Cinque Giornate Monument, Milan
The Monument to the Five Days (Monumento alle Cinque Giornate) is located in the historical centre of Milan. The sculpture rises above a spacious square. You won't see people having fun and laughing near it since the events that preceded the installation of the monument occupy one of the central places in Italian history. This is a silent reminder of the price for freedom the nation had to pay.
History of the monument, and the event
The creation of the monument began in 1881. As a result of the competition, the sculptor Giuseppe Grandi was commissioned the construction. He worked on the monument until his death in 1894 and did not live to see the construction finished. The grand opening took place on the 18th of March, 1895, the day of the 47th anniversary of the events that marked the beginning of the Austro-Sardinian War. The latter resulted in the period of Risorgimento, during which Italy was unified.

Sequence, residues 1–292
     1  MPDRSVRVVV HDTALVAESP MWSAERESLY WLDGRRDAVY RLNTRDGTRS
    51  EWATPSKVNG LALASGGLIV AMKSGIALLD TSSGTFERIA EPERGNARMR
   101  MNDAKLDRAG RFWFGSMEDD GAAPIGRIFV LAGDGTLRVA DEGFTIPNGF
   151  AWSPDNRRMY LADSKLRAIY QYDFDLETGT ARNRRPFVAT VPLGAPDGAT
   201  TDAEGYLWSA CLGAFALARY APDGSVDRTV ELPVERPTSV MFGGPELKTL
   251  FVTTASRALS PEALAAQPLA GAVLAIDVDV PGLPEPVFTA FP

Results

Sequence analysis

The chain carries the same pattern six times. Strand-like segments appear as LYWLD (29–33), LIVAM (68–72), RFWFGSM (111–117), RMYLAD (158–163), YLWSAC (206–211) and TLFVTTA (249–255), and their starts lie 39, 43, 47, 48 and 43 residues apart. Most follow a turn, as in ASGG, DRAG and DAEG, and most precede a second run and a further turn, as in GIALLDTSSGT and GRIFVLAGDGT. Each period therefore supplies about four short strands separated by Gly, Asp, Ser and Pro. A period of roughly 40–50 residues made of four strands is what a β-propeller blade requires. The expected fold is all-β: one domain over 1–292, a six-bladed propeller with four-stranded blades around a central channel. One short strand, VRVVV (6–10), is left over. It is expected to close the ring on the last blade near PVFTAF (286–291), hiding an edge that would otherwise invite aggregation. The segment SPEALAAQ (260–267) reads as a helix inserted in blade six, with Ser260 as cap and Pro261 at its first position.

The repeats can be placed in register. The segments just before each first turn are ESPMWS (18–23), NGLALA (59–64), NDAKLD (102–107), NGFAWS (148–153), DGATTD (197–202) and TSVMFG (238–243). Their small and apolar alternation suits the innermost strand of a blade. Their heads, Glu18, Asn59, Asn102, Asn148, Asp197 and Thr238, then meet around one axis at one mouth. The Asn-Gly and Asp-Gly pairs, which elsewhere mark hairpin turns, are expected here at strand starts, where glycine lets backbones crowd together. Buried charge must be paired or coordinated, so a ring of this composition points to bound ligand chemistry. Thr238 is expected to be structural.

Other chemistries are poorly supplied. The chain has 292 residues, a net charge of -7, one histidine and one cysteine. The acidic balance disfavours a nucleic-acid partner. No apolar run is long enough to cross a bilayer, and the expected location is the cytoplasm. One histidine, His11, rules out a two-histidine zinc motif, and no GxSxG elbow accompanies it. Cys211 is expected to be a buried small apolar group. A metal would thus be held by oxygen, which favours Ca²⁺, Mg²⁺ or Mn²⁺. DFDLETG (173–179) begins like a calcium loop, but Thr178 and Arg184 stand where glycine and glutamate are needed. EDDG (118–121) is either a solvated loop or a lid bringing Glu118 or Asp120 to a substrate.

From the 18th to 22nd of March, there was a series of strikes and unrest that turned into a revolution. This led to an armed conflict on the 21-22 of March between Austrian troops and the rebels near Porta Tosa, later named Porta Vittoria. In the upshot, the city was liberated from Austrian troops. The monument was later erected at the place where the conflict occurred.
The obelisk is made of Swedish granite and has a height of 22 metres. On the four of its faces, the names of the killed are engraved. There are several sculptures at the base of the monument. Five of them are semi-nude figures of women symbolizing the 5 days of the insurrection. The other two are a sculpture of a lion awakening from sleep, a symbol of the Italian people, and a sculpture of a soaring eagle, a symbol of the oppressive Austrian empire.
By the way, the figures of women were reproduced from famous models of that time, whereas animal sculptures copied real lions. Under the foundation of the monument, there is a vault with the remains of dead revolutionaries.
How to get there
The monument is located in the square with the same name at the intersection of four central streets of Milan. West of Corso di Porta Vittoria, all the major sights of Milan are located. Not far from the square there are Children's Museum and the Capuchin Museum. You can get there by: trams (routes 12, 27) or buses (routes 60, 73, K511, N6, N27). You need to get off at the Piazza Cinque Giornate stop.